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Stem cell research? Yes, but not embryonic kind
"So, Lori, if someone came up with a cure for diabetes using
embryonic stem cells, would you take it?"
My friend Sara Fagan put this question to me after the Notre Dame High School advanced biology class spent a day at a genetics conference for high school students in Syracuse. One of the main topics was stem-cell research.
So how does one answer a question like that? "Did you just say cure? You mean no more three-a-day shots or blood-sugar tests eight times a day or highs or lows or pump malfunctions or worrying about my blood sugar in the middle of an exam or quarterly trips to the doctor or getting my blood drawn? Never again? Cure?"
Sorry, I think I'll pass.
The key word in Sara's question is "embryonic."
Stem-cell research is one subject almost everyone has heard about. It can be found in the news frequently, especially in light of the recent death of Christopher Reeve, a strong supporter of stem-cell research (with no restrictions). Part of Sen. John Kerry's campaign included accusations that President Bush restricted stem-cell research.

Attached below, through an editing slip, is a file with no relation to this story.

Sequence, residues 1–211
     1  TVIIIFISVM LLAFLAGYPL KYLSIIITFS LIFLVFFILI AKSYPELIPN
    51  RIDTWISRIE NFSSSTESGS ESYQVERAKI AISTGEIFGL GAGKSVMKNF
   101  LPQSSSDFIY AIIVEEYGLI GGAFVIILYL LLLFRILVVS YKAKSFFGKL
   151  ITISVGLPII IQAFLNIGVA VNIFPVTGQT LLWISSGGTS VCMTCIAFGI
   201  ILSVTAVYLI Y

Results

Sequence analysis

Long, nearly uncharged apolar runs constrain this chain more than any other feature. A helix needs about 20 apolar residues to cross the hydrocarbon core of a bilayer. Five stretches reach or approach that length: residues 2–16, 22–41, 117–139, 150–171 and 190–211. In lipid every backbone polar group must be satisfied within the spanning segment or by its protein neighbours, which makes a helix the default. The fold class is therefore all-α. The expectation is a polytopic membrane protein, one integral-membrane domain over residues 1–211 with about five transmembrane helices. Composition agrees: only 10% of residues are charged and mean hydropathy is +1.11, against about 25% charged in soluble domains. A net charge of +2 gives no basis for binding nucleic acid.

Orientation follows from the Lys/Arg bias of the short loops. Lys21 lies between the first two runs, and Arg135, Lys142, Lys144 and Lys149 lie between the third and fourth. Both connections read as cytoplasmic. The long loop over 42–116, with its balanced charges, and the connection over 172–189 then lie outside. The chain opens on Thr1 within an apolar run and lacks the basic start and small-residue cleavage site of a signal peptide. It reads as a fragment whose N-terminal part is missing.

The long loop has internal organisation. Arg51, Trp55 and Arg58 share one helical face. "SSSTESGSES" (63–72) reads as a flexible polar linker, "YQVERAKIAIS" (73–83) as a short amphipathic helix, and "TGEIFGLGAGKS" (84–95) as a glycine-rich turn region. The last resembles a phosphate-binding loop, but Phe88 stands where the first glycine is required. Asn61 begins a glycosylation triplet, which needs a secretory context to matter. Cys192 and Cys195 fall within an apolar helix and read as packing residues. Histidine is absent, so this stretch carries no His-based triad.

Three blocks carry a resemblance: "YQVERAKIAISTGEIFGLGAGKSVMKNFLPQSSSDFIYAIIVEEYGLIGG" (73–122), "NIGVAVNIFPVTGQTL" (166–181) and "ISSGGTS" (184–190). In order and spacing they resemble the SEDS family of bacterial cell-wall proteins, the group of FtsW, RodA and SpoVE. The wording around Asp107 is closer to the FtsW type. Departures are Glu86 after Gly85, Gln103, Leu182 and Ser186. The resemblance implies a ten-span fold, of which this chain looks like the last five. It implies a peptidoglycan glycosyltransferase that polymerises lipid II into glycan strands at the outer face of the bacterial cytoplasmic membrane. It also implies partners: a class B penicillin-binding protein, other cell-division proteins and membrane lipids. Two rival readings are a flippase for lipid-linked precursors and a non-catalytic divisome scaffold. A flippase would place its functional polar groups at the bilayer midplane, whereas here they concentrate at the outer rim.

Contrary to what some students may think, the president has not enacted a ban on stem-cell research. He stopped federal funding for the destruction of human embryos for research, but is funding adult stem-cell research and even continued work on the already-existing stem-cell lines obtained from human embryos.
But as popular as this subject is, few people understand the difference between these two types of stem cells, when it is the difference itself that causes the controversy.
Embryonic stem cells are from human embryos. As I learned at the conference, conducted by Dr. Sam Rhine, these stem cells are found in a human blastocyst, or in layman's terms, a six-day-old embryo. A person.
This tiny person (blastocyst) is a hollow ball of cells. A small indentation, called the inner cell mass, consisting of approximately 40 cells, is the source of what are more commonly known as embryonic stem cells, Rhine told us.